Harvesting kindness and a big old lobstah
Editor’s Note: We were saddened to hear of columnist Guy Woodworth’s passing (see obituary in this edition). He submitted his final column this past week and we run it in his honor.
This past Wednesday was payday and bill paying day in our home. We took the neighbor lady to town with us and on the way home I remembered that our neighbor wasn’t from “The County,” so I asked if she had ever actually watched a harvest operation in progress. She said she hadn’t, so we went up the road a bit to where I had seen bulk trucks going to the field that morning.
Well, when we got to the field road I saw the harvester coming out towards the road. Visiting that operation was a flop.
So in the field next to the road, broccoli was being harvested. I stopped and was explaining the way it was done when I looked at a tractor and cart with some full pallets of filled boxes on it. One of the workers on the cart was holding a box and giving the universal signal asking if we would like it. I gave him a thumbs up and pulled ahead a bit. He jumped off the cart with the full box in his hand and passed it to my wife and said “free” with a huge smile on his face. We thanked him, and as we drove off I waved to the crew. To a person, they all waved back.
This evening, as I was thinking about the goodness in some people, I remember when there was a time when goodness to others was the rule and not the exception. As we come to the end of harvest and then to Thanksgiving, let’s once again, if only for the season, be kind to a stranger. I know I will.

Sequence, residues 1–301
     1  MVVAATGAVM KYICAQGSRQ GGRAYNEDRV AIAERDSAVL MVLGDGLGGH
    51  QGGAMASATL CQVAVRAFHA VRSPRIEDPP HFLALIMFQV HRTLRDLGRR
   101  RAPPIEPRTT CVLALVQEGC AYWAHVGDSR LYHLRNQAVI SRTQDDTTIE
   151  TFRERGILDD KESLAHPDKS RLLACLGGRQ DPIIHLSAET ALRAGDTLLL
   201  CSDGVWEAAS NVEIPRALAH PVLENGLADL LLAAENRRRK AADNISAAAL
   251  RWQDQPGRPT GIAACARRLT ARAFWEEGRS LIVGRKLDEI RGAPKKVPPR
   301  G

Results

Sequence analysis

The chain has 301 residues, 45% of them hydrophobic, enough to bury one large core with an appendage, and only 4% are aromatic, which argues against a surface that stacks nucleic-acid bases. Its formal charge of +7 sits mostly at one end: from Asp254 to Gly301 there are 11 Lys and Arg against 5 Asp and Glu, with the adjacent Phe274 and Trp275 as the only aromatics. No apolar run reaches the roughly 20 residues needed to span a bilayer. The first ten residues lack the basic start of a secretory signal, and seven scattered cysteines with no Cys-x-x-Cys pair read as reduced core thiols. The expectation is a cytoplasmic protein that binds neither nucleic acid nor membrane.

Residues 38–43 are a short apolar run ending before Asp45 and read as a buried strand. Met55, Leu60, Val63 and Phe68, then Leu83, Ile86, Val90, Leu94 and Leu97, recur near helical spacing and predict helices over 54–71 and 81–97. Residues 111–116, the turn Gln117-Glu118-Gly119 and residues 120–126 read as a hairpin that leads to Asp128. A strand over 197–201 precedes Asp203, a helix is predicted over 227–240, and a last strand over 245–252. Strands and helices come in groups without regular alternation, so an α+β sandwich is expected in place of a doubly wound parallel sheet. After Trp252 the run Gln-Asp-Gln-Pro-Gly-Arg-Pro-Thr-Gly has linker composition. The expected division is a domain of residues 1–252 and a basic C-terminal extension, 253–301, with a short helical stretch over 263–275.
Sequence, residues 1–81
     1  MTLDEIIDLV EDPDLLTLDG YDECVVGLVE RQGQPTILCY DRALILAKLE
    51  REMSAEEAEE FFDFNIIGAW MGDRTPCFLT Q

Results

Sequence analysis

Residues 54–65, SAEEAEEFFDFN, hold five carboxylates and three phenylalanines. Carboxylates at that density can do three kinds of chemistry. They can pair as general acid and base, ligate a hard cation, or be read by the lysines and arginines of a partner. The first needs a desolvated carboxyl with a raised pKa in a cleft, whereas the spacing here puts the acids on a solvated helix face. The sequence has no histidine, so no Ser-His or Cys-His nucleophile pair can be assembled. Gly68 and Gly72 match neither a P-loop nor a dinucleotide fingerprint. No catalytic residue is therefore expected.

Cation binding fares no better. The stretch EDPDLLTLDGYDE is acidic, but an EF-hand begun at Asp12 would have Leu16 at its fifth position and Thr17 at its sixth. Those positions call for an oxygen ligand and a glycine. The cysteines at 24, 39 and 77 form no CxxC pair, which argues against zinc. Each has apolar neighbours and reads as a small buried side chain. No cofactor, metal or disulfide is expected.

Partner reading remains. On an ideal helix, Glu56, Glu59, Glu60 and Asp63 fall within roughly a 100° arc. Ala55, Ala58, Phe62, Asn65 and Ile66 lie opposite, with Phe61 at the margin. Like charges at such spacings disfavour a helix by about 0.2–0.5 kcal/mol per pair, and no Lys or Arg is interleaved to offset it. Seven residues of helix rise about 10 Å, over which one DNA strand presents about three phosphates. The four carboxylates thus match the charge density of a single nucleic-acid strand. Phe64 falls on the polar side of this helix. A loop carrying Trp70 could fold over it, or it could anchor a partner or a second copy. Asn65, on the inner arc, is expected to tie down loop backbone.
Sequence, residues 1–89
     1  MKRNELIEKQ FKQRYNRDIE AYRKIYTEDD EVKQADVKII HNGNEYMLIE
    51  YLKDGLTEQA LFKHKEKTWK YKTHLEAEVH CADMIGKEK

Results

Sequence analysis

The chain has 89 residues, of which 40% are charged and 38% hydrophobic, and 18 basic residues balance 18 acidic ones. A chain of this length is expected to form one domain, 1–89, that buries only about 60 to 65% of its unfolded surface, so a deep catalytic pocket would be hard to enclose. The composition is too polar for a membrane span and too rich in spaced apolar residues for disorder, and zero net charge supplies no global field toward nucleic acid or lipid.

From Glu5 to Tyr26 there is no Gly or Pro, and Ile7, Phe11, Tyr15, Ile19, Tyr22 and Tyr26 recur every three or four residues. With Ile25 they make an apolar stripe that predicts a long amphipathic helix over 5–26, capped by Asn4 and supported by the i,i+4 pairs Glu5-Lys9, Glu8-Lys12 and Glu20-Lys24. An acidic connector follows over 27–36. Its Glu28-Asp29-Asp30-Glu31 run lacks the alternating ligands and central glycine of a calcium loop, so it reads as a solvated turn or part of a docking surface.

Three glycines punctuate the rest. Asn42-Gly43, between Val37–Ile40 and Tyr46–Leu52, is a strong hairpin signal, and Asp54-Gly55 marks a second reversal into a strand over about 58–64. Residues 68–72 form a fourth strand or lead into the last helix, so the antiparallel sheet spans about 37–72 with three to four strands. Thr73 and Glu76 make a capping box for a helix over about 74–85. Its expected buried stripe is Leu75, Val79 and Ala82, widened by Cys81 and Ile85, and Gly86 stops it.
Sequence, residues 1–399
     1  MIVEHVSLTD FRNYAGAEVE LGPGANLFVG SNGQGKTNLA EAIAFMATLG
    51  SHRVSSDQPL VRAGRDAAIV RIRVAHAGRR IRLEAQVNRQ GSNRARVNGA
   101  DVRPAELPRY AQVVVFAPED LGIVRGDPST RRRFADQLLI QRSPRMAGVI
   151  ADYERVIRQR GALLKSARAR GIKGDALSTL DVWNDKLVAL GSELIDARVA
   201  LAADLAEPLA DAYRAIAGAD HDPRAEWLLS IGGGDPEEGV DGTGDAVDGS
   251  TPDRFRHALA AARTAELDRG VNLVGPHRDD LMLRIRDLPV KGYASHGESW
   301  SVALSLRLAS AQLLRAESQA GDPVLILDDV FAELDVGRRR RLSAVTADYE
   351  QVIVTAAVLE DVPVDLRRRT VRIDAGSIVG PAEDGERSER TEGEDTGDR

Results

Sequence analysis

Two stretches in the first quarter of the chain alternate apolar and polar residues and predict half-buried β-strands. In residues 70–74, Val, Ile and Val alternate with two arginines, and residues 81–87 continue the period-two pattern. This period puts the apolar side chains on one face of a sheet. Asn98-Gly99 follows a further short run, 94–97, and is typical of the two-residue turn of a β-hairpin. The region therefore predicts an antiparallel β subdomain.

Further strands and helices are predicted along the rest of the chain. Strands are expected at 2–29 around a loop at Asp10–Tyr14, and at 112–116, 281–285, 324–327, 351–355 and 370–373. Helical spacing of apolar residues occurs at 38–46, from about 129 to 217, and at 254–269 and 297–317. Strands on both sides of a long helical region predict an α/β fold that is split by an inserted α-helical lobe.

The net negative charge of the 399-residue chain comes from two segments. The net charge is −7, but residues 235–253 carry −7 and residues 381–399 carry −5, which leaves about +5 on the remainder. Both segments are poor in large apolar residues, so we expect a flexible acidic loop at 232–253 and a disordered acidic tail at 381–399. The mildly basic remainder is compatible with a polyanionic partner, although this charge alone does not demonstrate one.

Lobstah Fishin’ with Mickey
I know most of us oldstahs have heard Paul Hahvey’s “The Rest of the Stahry,” so heah is the rest of last column’s stahry.
Mickey came off the deck about a foot and landed in a big, slimy, slithery pile of bait. I was laughin’ the hahdest I have laughed in months, and when Mickey got his feet undah him and got up, I went into anothah fit of guffaws. This earned me anothah glare.
I asked Mick, I says, “Hey Mick, go clean the bait off of ya so we can use it in the pots, ’cause you won’t fit in ’em.”
When Mick came back on deck, I asked him to stay away from my windward side, because even though I don’t mind the smell of the bait it ain’t my favorite aroma eithah. I sweah Mickey has pahfected the aht of glarin’.
We managed to pull all 50 pots, which filled the tank and gave us three 18-gallon totes full besides, and we did it with only one minah mishap. Wouldn’t ya know, a big smaht bull lobstah grabbed the tip end of Mickey’s pointah fingah on his right hand.
Well, we have a two-burnah galley stove in the main cabin. I didn’t know it til that bull bit Mick’s fingah, but he had a big kettle on the boil. Well, he took that big ole lobstah and took him in the cabin and came out without him.
He looked at his watch and said, “Skippah, in about 20 minutes let’s drop anchah and have a bite to eat.”
I said, “Sounds good.”
We cleaned the deck and sortin’ table and dropped anchah.
Check the next column for lunch.
Guy Woodworth, a Presque Isle native now living in Limestone, is a 1973 graduate of Presque Isle High School and a four-year Navy veteran. He and his wife Theresa have two grown sons and five grandchildren. He may be contacted at firstname.lastname@example.org.